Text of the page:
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NBFC liquidity crunch: Banks await relaxation in government's partial credit guarantee scheme

The government had set the target of Rs 1 lakh crore of disbursement under the scheme by February 2020. But lenders have identified pools of around Rs 15,000 crore only as of now.

November 28, 2019 / 09:02 PM IST

It's been over three months since its launch, but the government's partial credit guarantee scheme for banks to buyout loan portfolios from non-banking finance companies (NBFCs) is yet to take off.

The government had set a target to disburse Rs 1 lakh crore worth of loans by February 2020, but lenders have only identified pools of around Rs 15,000 crore as of now.

"We have identified and sanctioned some accounts, but there are some bottlenecks due to which we are yet to receive the guarantee. Once we are through with the guarantee, we will go ahead with disbursements," said a senior official from a state-run bank.

Concerns over the eligibility of pooled assets and the originating NBFC or Housing Finance Companies (HFCs) have been raised before the government.

In her budget speech this year, Finance Minister Nirmala Sitharaman said that the government will provide a one-time partial credit guarantee for six months to state-run lenders for their first loss of up to 10 percent provided they purchase "high-rated" pooled assets of "financially sound" NBFCs.


In August, the scheme was launched with government issuing guidelines for banks to avail the facility. As per the norms, the pool of assets should have minimum rating of 'AA' and NBFCs or HFCs should not have been reported under "SMA" category by any bank for their borrowings during last one year prior to the announcement of the scheme.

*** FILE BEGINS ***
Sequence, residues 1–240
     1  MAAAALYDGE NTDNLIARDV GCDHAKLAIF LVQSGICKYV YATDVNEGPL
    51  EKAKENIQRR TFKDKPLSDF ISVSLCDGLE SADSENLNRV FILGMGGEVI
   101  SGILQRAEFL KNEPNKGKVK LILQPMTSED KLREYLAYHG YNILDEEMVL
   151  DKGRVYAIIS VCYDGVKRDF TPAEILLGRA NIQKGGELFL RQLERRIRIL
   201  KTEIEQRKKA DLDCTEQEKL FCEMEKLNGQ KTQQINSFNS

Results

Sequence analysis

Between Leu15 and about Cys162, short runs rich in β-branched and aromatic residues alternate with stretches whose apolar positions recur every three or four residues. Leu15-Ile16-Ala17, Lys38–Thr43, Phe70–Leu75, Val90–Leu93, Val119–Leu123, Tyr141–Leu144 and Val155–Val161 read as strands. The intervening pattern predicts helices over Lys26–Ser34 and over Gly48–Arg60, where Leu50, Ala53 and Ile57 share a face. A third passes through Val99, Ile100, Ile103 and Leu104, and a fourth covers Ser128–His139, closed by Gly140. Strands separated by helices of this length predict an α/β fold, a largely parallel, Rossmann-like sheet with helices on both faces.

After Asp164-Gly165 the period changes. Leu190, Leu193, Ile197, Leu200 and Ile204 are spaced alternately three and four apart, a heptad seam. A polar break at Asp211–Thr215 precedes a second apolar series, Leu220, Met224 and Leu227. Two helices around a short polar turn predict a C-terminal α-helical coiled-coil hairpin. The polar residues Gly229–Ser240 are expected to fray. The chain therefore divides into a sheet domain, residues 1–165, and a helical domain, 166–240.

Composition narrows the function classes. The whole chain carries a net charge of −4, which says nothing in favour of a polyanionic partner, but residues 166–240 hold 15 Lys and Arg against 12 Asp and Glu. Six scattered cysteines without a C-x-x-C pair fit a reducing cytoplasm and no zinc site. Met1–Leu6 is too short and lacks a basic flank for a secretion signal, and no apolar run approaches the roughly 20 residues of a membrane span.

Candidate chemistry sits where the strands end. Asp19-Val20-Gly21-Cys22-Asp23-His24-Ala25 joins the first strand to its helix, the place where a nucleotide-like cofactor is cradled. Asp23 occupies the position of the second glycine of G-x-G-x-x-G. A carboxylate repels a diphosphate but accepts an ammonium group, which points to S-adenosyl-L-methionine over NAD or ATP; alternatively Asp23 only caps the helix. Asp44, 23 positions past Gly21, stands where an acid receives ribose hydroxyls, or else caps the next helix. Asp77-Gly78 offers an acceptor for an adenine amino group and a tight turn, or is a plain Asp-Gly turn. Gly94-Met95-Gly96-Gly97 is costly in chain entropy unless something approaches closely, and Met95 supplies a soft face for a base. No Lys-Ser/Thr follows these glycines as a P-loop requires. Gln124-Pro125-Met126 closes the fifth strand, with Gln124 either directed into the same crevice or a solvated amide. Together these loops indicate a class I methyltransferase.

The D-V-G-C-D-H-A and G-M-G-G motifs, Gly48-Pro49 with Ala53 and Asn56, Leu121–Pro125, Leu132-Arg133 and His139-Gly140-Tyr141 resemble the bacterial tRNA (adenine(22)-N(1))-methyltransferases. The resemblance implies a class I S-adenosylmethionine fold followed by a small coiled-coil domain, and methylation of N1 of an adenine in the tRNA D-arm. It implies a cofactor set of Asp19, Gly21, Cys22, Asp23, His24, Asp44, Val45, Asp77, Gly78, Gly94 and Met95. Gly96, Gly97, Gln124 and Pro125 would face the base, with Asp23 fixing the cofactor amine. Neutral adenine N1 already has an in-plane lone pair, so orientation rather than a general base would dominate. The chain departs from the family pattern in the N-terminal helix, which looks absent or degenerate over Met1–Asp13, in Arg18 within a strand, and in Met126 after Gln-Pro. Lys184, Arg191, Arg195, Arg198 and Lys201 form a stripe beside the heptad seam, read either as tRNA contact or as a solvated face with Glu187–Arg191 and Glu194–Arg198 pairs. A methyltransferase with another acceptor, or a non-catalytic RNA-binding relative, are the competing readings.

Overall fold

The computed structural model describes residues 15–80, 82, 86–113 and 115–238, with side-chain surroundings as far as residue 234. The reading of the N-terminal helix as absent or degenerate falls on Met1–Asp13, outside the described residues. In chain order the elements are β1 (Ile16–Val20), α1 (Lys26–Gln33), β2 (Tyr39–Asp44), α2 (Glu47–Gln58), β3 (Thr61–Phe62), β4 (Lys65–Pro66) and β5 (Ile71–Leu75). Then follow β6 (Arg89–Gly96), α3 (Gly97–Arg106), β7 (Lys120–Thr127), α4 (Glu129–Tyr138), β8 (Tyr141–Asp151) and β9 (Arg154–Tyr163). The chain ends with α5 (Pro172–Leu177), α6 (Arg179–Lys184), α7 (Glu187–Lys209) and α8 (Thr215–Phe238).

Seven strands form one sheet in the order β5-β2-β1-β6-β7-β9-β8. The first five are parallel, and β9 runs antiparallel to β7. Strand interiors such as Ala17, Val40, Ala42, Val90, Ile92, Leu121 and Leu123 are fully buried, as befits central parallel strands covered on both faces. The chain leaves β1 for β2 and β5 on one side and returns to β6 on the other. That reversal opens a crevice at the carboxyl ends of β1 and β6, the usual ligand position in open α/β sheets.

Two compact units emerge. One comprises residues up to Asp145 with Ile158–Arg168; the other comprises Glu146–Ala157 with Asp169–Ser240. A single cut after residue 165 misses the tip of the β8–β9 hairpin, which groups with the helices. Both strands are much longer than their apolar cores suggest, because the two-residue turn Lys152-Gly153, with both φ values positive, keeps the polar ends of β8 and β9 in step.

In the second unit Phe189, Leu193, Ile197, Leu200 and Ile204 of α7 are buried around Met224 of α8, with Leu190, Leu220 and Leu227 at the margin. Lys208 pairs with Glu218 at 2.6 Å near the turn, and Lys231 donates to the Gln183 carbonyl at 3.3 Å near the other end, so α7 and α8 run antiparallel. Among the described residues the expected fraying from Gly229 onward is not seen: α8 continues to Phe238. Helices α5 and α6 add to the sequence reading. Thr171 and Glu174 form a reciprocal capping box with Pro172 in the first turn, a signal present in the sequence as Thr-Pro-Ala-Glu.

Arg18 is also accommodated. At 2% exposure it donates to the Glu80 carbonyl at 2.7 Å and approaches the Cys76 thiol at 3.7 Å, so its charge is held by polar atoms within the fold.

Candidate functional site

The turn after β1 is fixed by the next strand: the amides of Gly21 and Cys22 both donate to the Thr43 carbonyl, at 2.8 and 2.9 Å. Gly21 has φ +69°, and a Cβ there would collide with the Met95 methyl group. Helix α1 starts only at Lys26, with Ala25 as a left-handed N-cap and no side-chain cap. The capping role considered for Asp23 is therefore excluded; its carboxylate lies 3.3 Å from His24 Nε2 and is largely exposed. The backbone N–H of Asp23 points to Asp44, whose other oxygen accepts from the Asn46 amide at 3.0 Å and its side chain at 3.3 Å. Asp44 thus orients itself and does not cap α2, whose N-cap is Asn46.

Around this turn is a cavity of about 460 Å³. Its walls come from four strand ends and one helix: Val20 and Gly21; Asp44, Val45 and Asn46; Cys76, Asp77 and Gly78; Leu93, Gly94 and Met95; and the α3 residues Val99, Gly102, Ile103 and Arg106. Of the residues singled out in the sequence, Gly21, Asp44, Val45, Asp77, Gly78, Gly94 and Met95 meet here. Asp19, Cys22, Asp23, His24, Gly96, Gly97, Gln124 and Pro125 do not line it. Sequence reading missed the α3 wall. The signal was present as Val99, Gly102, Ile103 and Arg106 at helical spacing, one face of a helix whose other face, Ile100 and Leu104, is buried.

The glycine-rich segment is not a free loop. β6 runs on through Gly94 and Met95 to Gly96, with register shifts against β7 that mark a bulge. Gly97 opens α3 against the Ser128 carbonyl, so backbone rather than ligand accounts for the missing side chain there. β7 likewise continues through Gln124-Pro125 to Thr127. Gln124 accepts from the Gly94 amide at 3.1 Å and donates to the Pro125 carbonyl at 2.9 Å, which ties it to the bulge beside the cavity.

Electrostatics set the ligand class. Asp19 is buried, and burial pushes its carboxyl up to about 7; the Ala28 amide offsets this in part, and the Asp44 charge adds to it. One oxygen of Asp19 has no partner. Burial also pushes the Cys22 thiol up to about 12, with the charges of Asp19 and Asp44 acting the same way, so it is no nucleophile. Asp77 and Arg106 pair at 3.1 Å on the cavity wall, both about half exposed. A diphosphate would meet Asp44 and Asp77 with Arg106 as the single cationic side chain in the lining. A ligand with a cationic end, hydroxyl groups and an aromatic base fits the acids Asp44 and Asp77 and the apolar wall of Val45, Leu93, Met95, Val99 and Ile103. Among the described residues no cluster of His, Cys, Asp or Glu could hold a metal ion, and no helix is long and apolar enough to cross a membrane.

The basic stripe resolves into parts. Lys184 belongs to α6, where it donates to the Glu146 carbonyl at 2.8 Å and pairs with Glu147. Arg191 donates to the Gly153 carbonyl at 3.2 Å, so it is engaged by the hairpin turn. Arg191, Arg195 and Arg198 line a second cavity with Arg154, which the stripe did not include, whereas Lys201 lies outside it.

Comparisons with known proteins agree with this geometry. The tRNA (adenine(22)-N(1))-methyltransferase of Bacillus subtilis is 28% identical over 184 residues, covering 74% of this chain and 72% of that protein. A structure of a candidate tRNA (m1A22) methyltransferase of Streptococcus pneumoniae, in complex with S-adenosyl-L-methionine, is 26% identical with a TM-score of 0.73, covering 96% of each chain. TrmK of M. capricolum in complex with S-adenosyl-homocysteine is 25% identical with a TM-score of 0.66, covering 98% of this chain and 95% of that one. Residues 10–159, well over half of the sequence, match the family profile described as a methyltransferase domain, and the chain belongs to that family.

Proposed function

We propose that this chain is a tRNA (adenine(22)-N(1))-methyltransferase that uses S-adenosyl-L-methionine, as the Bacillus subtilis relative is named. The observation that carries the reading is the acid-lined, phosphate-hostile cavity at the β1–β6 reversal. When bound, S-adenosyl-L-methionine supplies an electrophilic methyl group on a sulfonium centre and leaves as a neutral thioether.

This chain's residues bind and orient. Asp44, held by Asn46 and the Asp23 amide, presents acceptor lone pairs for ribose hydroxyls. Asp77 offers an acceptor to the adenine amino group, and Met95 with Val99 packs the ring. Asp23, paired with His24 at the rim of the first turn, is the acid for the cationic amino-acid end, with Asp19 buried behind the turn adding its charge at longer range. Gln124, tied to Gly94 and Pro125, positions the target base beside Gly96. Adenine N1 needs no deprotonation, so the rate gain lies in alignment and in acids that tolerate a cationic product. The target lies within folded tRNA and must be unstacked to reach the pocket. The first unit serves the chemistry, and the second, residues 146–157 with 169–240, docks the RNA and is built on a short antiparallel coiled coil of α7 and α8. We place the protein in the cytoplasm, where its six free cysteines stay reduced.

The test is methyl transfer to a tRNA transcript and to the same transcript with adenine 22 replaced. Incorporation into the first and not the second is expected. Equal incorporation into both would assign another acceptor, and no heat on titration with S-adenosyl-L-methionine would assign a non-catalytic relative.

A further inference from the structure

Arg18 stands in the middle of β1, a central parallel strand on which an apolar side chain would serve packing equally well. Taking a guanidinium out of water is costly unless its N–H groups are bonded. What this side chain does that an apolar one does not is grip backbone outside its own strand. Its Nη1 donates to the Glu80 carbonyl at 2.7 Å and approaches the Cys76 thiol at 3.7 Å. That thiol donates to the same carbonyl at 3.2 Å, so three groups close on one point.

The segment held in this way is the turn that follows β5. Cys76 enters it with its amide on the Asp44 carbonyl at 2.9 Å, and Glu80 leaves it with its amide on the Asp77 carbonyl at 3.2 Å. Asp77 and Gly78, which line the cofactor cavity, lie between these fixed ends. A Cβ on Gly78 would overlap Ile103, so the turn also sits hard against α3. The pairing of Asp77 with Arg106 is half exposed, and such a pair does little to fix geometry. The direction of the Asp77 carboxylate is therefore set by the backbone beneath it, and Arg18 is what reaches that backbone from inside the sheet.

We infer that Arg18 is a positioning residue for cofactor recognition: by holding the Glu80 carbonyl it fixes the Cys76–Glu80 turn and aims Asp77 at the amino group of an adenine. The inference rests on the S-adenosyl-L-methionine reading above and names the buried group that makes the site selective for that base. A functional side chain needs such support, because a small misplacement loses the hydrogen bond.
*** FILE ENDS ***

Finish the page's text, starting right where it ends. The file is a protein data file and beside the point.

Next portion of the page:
"The idea is to bring down the rating requirement. That's where the need for a government guarantee is," said a senior official from Small Industries Development Bank of India (SIDBI), which is the operating agency for the scheme. The official added that it is up to the government and the Reserve Bank of India (RBI) to see if the rating criteria can be lowered by a few notches.

As per norms laid down by RBI, lenders are required to categorize borrowers under Special Mention Accounts (SMA)-0 if they miss loan repayments for 1-30 days, SMA-1 if the default continues for 30-60 days and SMA-2 for 60-90 days.

"Most of the identified assets are from NBFCs that are under SMA-0 category for technical reasons, and not financial weakness. These issues have been flagged but we're yet to receive any clarifications from the government," the official said.

Once the relaxations are announced, the government may also have to consider extending the deadline for banks to meet the target of Rs 1 lakh crore.

The scheme will allow banks to invoke the guarantee if the interest and/or installment of principal turns sour, following which the government will settle the claim within five working days of the claim.

"The scheme is a win-win for banks but clarity is needed," said the official. With the relaxations in place, the official added that the target of Rs 1 lakh crore can be easily achieved.
Parnika Sokhi
first published: Nov 28, 2019 09:02 pm

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